Maya and Aztec

Ancient Mesoamerican civilizations

Ancient Zapotec Civilization

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the first American Indians arrived in the New World by way of the Bering StraitArchaeologists believe that the first American Indi­ans arrived in the New World by way of the Bering Strait. These migrations took place during the Ice Age when the sea levels were lowered and a land bridge was exposed between Alaska and Siberia.
This occurred sometime between 15.000 and 20.000 years ago. At this time much of North America was covered in glaciers. Many immigrants continued traveling until they reached ice free corridors in the areas that we now know as Texas. New Mexico. Arizona, and northern Mexico. These first people lived under rock outcroppings and in caves. They were nomadic, traveling seasonally to the areas where food was the most abundant.

These first Americans survived by hunting wild animals and foraging for wild plants. They hunted with spears and darts that were tipped with obsidian, and usually they used an atlatl, which was a wooden device that worked as an extension of the human arm. It increased the velocity of the spear. At this time, the bow and arrow had yet reached this part of the world. The first Zapotecs hunted mammoths, antelope, rabbits, deer, gopher, horse, squirrels, rats, fox and quail. Jackrabbits and pronghom antelope were the mainstay of their diet. Both of these animals could be hunted communally. Jackrabbits were plentiful and they lived in burrows on the surface of the ground. The Indians learned that by beating the bushes they could herd them into box canyons where they would be clubbed to death. Antelope were hunted in a similar fashion. However, they were not as plentiful. At this time, meat was usually roasted over an open fire or in earthen ovens. Sometime around 8000BC the Ice Age ended.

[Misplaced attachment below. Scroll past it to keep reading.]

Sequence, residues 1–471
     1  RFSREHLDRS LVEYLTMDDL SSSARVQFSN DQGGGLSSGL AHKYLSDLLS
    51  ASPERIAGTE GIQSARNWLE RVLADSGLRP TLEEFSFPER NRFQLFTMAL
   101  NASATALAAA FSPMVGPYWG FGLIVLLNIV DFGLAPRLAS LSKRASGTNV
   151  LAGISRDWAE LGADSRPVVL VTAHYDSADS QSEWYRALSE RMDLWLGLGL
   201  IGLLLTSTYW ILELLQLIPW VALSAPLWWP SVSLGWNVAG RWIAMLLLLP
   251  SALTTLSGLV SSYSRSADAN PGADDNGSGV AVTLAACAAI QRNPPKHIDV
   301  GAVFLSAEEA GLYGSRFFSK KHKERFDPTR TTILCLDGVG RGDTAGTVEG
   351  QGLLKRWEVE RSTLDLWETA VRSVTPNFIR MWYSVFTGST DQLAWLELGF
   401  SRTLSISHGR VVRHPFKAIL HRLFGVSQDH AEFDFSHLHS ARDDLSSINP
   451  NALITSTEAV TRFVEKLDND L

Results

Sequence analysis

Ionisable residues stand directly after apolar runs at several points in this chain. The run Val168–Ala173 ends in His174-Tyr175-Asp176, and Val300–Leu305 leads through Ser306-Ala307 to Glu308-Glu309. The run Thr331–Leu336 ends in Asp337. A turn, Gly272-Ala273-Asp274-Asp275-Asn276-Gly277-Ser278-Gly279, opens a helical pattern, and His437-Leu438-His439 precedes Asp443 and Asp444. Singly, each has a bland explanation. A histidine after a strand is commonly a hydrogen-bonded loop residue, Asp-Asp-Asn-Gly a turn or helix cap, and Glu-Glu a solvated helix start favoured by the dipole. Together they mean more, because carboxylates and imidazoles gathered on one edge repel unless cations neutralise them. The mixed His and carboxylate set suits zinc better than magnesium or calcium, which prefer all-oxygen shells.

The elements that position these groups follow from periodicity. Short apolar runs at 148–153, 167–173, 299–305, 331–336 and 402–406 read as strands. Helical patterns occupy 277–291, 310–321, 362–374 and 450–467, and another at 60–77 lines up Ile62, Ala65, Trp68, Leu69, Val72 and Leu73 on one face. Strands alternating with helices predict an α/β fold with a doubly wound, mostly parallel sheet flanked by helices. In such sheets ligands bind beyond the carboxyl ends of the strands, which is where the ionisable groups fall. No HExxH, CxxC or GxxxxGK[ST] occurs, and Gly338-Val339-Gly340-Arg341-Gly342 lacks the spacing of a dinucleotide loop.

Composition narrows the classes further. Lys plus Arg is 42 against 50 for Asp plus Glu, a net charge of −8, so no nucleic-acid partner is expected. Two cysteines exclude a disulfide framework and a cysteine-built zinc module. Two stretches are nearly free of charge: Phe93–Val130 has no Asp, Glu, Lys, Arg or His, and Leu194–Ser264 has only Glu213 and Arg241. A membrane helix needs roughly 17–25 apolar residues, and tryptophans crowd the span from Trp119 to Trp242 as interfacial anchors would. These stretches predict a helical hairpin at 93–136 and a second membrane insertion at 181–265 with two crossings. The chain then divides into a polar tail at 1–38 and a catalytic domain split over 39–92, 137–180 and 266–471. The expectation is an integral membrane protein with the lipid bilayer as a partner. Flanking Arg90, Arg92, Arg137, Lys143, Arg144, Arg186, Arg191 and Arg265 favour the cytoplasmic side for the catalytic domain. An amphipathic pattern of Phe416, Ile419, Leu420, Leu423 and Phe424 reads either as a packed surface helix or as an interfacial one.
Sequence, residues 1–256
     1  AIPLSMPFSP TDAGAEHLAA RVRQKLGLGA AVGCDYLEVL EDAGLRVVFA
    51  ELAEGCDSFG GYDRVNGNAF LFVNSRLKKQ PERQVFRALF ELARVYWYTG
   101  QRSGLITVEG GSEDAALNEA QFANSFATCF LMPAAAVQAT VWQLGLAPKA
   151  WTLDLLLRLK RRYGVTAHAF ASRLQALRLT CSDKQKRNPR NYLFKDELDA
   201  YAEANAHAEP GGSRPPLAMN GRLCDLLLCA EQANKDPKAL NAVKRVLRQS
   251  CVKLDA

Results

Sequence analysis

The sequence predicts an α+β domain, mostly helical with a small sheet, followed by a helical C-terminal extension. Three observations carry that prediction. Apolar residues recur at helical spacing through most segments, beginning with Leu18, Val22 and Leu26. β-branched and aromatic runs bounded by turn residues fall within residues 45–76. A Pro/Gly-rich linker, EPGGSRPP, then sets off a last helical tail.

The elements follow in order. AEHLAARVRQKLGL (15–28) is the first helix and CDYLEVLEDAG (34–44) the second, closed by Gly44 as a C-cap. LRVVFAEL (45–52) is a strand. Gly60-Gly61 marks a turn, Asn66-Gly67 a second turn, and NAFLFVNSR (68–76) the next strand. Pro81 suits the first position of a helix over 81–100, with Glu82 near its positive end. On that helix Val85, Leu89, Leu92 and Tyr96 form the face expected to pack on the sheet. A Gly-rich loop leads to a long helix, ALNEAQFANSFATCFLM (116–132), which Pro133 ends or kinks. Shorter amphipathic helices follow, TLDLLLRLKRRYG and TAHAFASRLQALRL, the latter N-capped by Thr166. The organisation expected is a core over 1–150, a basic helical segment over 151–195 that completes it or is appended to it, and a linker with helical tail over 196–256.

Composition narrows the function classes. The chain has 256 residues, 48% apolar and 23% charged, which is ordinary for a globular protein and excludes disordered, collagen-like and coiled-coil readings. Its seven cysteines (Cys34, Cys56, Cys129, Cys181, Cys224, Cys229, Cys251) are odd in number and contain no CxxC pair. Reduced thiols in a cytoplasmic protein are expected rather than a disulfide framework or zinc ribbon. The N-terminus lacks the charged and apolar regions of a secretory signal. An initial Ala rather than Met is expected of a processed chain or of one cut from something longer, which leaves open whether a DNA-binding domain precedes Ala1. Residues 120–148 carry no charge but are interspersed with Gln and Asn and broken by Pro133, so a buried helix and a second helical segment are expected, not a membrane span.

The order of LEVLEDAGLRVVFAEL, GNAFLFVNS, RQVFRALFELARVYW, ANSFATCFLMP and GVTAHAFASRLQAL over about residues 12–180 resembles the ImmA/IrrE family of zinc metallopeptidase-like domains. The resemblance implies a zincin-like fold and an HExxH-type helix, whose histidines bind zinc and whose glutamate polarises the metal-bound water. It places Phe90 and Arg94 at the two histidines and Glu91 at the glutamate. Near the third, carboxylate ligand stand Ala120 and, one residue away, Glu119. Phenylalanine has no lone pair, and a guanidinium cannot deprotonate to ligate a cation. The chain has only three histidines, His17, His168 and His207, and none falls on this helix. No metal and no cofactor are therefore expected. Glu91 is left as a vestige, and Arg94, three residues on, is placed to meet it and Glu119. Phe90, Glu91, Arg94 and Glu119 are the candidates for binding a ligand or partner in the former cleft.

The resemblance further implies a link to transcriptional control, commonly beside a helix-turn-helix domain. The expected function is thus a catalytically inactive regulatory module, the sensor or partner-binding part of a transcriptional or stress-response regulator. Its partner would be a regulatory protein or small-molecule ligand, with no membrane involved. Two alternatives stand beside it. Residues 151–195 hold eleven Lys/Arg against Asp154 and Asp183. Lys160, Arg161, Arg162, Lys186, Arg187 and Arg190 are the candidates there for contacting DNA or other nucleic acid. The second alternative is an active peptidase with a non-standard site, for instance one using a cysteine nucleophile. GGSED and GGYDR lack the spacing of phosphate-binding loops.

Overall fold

Zapotec Jade mask of the bat (or jaguar). 200BC-100AD. Excavated in Monte AlbanDuring the Archaic time period, from 8.000 to 2.000 ВС the Oaxaca Valley was occupied by no more than 200 people. During this time period much of the valley was covered in mesquite. The syrup found in the pods of the mesquite became a popular food source. The earliest Zapotec also enjoyed wild fruits, acorns from the oak trees, and the tender young stems of the prickly pear cactus. They also hunted deer and other wild animals. It was during this time period that the very first plants were being domesticated. Probably, the first plant domesticated was the gourd. Bottle gourd were extremely important because they were used by the hunter gathers as portable water containers. Before long, beans, squashes, and corn were also cultivated. However, of all of the crops harvested com became the most important. The first cobs were very small. It would take centuries for the corn cobs to be the size they are today.

Then by 2.000 ВС people began to permanently settle in small villages in the Valley of Oaxaca. These first Zapotec settlements were located next to the Atoyac River where there was very high water table. The popu­lation of the valley was growing. Social conflicts no longer could be solved by splitting up camp, now they were tied to a piece of humid bottom land. Homes at this time had roofs thatched with reeds and grasses.